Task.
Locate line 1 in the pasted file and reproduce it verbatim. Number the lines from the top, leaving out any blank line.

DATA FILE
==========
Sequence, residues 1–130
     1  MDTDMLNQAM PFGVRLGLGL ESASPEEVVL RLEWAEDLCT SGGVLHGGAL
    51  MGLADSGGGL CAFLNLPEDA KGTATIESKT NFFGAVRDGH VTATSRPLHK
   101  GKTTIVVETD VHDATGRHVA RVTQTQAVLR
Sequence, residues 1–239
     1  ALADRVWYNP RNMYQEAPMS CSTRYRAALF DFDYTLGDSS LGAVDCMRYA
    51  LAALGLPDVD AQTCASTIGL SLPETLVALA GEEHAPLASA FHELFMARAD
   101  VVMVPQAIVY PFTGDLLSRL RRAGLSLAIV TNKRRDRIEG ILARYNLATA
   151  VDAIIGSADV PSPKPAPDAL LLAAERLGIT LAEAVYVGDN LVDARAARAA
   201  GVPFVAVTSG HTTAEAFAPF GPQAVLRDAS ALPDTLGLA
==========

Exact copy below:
Sequence, residues 1–130